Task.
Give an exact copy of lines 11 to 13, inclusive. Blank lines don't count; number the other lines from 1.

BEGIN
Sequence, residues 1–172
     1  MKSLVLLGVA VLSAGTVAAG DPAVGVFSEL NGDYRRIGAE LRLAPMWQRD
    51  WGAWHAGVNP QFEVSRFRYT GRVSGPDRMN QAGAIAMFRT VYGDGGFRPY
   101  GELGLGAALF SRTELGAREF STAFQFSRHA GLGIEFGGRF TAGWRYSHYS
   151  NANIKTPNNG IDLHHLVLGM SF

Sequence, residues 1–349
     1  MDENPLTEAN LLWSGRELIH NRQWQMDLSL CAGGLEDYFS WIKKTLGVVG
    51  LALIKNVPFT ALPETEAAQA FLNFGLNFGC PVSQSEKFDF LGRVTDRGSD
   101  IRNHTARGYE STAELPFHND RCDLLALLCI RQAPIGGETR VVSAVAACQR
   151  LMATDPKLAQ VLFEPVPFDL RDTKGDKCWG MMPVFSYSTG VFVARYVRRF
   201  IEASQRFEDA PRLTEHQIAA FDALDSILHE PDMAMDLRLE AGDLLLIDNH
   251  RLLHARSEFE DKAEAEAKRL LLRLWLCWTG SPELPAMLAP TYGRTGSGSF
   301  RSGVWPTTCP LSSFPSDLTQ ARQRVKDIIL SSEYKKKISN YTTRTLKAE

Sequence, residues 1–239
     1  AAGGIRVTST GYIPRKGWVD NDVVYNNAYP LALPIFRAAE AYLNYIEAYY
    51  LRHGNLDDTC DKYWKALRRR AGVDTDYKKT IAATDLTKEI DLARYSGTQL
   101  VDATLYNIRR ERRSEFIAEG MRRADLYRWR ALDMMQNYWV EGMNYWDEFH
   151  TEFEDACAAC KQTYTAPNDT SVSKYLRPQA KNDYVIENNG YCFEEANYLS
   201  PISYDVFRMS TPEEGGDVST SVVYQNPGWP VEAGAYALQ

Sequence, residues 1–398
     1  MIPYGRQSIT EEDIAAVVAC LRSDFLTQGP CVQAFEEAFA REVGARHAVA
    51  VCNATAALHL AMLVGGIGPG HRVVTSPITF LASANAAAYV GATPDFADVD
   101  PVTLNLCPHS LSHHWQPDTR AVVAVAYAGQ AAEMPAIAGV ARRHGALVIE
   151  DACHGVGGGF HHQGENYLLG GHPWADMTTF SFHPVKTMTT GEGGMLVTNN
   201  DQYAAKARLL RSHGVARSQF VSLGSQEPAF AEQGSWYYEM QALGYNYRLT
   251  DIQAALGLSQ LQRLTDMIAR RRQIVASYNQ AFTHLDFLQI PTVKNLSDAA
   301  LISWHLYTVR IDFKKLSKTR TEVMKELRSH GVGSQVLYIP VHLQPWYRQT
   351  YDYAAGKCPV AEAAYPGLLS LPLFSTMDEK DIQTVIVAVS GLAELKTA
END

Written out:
   201  IEASQRFEDA PRLTEHQIAA FDALDSILHE PDMAMDLRLE AGDLLLIDNH
   251  RLLHARSEFE DKAEAEAKRL LLRLWLCWTG SPELPAMLAP TYGRTGSGSF
   301  RSGVWPTTCP LSSFPSDLTQ ARQRVKDIIL SSEYKKKISN YTTRTLKAE